equal space on both sides. The first item will have one unit of space against the container edge, but two units of space between the next item because that next item has its own spacing that applies. space-evenly : items are distributed so that the spacing between any two

items (and the space to the edges) is equal.

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align-items flex-start

flex-end

center

stretch

baseline text text

text text

text text

text text

This defines the default behaviour for how flex items are laid out along the cross axis on the current line. Think of it as the justify-content version for the cross-axis (perpendicular to the main-axis). CSS

.container {

align-items: flex-start | flex-end | center | baseline | stre }


flex-start : cross-start margin edge of the items is placed on the cross-start

line flex-end : cross-end margin edge of the items is placed on the cross-end line center : items are centered in the cross-axis baseline : items are aligned such as their baselines align stretch (default): stretch to fill the container (still respect min-width/max-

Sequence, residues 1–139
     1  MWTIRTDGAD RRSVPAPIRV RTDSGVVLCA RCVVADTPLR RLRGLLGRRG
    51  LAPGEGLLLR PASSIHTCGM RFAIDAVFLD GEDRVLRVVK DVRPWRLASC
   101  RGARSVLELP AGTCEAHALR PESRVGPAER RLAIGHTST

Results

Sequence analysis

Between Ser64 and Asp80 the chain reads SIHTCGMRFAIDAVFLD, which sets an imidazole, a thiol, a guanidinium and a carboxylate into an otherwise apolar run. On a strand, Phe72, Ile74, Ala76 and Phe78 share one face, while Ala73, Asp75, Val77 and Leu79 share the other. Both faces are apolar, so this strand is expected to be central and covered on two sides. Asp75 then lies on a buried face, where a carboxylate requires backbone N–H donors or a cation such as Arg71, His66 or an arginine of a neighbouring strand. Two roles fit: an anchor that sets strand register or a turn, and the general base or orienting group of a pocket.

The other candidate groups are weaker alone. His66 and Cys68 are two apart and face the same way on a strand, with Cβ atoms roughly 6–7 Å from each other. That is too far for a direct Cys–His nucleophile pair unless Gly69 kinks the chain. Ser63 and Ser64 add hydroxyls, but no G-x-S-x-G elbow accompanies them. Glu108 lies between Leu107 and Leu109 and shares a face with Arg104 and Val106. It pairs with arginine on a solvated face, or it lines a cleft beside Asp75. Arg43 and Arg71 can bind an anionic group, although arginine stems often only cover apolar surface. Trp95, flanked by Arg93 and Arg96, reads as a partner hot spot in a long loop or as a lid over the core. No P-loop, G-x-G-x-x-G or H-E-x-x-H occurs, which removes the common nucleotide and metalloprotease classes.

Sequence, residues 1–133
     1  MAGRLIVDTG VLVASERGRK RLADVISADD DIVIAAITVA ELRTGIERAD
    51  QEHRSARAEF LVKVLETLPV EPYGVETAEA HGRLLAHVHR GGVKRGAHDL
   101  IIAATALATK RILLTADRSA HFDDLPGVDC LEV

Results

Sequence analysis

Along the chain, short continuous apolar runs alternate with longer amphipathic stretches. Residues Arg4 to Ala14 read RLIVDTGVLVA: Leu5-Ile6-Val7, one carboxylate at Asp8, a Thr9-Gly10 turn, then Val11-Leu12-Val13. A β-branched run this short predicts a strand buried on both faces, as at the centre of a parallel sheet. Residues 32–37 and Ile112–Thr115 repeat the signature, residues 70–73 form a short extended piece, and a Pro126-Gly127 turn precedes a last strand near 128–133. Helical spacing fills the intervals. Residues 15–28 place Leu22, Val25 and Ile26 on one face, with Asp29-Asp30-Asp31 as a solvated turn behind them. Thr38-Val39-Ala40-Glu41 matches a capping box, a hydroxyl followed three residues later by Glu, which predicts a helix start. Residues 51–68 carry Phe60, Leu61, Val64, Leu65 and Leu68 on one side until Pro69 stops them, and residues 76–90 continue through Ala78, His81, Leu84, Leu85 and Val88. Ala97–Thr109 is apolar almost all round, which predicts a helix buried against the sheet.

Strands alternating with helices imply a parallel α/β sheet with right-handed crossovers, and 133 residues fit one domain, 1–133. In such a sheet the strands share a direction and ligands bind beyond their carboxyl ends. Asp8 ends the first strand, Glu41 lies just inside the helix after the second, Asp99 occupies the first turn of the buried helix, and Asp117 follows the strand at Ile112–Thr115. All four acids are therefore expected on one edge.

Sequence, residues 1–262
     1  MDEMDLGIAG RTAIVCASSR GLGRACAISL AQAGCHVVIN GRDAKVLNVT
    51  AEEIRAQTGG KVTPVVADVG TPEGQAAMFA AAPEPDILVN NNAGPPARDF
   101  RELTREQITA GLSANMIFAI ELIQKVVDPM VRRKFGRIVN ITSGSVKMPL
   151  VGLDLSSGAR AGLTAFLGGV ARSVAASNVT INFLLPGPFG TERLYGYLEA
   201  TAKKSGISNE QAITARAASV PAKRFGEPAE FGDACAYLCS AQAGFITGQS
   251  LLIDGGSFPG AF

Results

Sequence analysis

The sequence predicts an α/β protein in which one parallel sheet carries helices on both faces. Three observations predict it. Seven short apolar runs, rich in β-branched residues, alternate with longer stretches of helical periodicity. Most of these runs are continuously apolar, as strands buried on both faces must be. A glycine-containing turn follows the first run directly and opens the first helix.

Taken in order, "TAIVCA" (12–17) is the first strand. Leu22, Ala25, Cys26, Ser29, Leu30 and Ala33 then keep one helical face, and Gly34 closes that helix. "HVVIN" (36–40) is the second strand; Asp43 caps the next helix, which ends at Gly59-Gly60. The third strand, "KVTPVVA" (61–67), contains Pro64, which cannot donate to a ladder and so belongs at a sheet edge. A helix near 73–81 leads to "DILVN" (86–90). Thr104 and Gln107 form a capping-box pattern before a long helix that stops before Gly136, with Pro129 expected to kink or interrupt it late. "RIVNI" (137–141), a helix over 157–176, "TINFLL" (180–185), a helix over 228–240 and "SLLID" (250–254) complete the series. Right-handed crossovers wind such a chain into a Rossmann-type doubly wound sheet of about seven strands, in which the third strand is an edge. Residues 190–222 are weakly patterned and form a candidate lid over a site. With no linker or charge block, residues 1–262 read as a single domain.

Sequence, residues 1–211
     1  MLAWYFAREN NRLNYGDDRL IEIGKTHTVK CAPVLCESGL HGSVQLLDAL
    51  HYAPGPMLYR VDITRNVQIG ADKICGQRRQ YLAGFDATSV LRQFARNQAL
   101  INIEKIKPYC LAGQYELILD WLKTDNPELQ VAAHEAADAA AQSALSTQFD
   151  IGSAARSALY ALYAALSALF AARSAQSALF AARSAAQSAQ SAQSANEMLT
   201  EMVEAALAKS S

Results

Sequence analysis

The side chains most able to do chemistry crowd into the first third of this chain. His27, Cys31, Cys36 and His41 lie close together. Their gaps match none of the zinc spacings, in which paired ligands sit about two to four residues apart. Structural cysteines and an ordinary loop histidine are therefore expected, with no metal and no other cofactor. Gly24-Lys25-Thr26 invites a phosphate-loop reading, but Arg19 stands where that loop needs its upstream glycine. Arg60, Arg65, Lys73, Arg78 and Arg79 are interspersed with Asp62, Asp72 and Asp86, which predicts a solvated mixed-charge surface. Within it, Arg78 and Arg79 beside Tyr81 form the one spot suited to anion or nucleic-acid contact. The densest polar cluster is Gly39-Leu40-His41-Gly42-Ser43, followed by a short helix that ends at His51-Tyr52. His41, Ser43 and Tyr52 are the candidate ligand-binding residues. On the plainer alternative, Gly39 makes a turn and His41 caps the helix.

width)

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align-content flex-start

flex-end

center

stretch

space-between

space-around

This aligns a flex container's lines within when there is extra space in the cross-axis, similar to how justify-content aligns individual items within the main-axis. Note: this property has no effect when there is only one line of flex items.


CSS

.container {